Andy Warhol’s “Ads” Exhibition Anniversary

by Chris Murray on June 4, 2010

It was twenty-five years ago on May 23rd, 1985 that Govinda Gallery launched Andy Warhol’s latest series of silkscreens titled “Ads,” one of four exhibitions Govinda Gallery was proud to present of Warhol’s silkscreen works. Washington Post art critic Jo Ann Lewis wrote a review of the exhibition on May 25th, 1985. That review and the original invitation for the exhibition are reproduced here. In her review, Lewis wrote “…one of Warhol’s best and most approachable shows in recent years.”

Copyright © Andy Warhol. All Rights Reserved.

“Andy Warhol is an expert on fabricated myths. In fact, he is one. As a commercial artist in his early years, he designed advertising campaigns not only for I. Miller shoes and NBC, but for on of the most saleable items in mid-20th-century America: himself. “Ads,” his new portfolio of 10 silkscreen prints at Govinda Gallery in Georgetown, marks a return to this world, which he so fondly understands.

Warhol-now appearing in the TV Coke commercials-has taken as his subject matter magazine advertisements from the 50’s: Ronald Reagan touting Van Heusen’s “won’t wrinkle ever!” drip-dry shirts; Judy Garland wearing a “what becomes a legend most” Blackglama mink coat; Mobil’s now grounded flying red horse.

It is a show that’s easy to like, thanks in a large part to Warhol himself. For years, he’s been rubbing our noses in popular culture, forcing us to look hard at images we’d become inured to, from Campbell’s soup cans to electric chairs. Because he’s been so noncommittal as to the point of these provocative images, people have been forced to think for themselves and extrapolate meanings. In the process (and with the help of many other Pop artists) we’ve become more visually aware-and skeptical-about commercial attempts to seduce us with fabricated myths.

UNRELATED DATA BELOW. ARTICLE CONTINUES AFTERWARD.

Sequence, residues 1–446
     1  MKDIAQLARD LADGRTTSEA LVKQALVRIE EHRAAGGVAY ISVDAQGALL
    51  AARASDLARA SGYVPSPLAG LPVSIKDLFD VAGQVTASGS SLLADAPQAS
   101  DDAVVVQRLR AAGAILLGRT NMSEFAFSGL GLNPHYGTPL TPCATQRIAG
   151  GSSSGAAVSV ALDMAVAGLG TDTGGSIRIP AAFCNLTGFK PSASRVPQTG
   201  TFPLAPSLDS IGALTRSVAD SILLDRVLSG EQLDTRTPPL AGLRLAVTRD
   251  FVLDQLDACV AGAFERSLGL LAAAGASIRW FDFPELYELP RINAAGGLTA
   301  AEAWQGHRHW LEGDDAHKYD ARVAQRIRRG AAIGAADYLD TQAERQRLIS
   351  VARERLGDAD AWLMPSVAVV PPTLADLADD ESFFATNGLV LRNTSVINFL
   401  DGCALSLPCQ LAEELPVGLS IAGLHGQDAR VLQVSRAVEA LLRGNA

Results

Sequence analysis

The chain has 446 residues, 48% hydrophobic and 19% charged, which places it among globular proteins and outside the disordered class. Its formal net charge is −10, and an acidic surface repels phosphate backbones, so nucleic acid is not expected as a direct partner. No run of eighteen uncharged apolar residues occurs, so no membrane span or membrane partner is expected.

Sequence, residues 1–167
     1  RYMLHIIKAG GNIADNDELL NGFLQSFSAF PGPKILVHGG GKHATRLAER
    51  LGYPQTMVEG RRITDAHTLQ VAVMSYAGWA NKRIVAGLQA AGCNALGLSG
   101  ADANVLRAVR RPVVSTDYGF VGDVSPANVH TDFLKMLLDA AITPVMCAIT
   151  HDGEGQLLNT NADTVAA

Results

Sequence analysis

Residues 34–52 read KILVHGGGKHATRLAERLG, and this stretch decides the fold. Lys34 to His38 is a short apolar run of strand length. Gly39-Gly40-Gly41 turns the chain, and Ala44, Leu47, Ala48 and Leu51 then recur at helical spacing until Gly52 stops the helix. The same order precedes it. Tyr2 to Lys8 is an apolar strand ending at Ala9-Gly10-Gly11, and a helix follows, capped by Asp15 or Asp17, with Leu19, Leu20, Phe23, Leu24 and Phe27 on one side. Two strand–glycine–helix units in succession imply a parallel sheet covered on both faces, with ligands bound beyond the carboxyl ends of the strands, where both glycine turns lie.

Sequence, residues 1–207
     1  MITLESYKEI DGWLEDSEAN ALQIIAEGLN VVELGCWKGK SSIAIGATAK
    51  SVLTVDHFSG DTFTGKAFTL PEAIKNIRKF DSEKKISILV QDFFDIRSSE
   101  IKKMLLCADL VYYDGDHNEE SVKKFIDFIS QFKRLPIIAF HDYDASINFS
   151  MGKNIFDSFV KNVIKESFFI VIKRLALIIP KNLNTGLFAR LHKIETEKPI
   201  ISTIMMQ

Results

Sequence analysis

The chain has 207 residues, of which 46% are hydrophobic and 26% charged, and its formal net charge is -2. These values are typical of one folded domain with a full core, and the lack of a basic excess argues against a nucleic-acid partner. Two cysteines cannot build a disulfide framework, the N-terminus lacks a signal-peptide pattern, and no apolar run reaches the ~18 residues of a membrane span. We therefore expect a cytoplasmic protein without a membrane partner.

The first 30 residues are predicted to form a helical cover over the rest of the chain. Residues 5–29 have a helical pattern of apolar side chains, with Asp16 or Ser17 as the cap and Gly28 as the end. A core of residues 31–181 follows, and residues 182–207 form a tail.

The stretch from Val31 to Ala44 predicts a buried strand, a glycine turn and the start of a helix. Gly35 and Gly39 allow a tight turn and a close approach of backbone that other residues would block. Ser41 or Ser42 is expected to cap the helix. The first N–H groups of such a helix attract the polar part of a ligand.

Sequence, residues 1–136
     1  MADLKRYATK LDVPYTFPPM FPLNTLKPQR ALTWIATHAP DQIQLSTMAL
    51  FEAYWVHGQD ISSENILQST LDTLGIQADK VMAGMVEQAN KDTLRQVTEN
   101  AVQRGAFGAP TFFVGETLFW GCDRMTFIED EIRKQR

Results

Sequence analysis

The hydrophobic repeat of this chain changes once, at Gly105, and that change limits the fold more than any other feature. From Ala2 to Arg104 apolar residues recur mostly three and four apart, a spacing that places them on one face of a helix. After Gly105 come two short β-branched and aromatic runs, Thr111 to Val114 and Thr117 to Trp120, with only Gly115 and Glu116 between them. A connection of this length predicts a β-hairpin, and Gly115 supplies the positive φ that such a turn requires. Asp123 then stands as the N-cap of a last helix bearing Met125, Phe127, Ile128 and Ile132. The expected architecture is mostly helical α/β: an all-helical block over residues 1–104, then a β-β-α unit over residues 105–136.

There is inevitably an element of nostalgia in these ads for products and movies from the past, such as the deliciously colored, five-cent Life Savers as that reads “please do not lick this page!” But there is irony as well as poignancy in the Warholized figure of James Dean in a blood-red poster advertising “Rebel Without a Cause”- in Japanese; and the legendary Judy Garland, appropriately rendered in black-and-blue as she models mink.

The most uncannily timely as is that of the “won’t wrinkle ever!” Ronald Reagan in a drip-dry Van Heusen shirt, with the line at the bottom crediting his then-latest film: “Law and Order.” The image has been tipped slightly to give the appearance of a movie freeze-frame-something that did not happen in the original ad. Warhol reveals his wit and sense of irony in the way he has altered this and other images, though ever so slightly. In all of them, he caresses the image with his nervous line-a classic part of the Warholizing process.

Also on view is another new Warhol series: four silkscreen variations on Cologne cathedral, with diamond dust adding glitter. They were published in Germany in an edition of 60. The black-on-black is perhaps the most haunting, given the dark history of the cathedral during World War II.

The “Ads” portfolio, printed in an edition of 190, was commissioned by Ronald Feldman Fine Arts. This print show-one of Warhol’s best and most approachable in recent years-will continue at Govinda, 1227 34th St. NW, through June 30. Hours are 11 till 4 Tuesdays through Saturdays.”

The Govinda Gallery invitation to Andy Warhol’s “Ads” exhibition, May 23 through June 30, 1985:

Copyright © Andy Warhol. All Rights Reserved.

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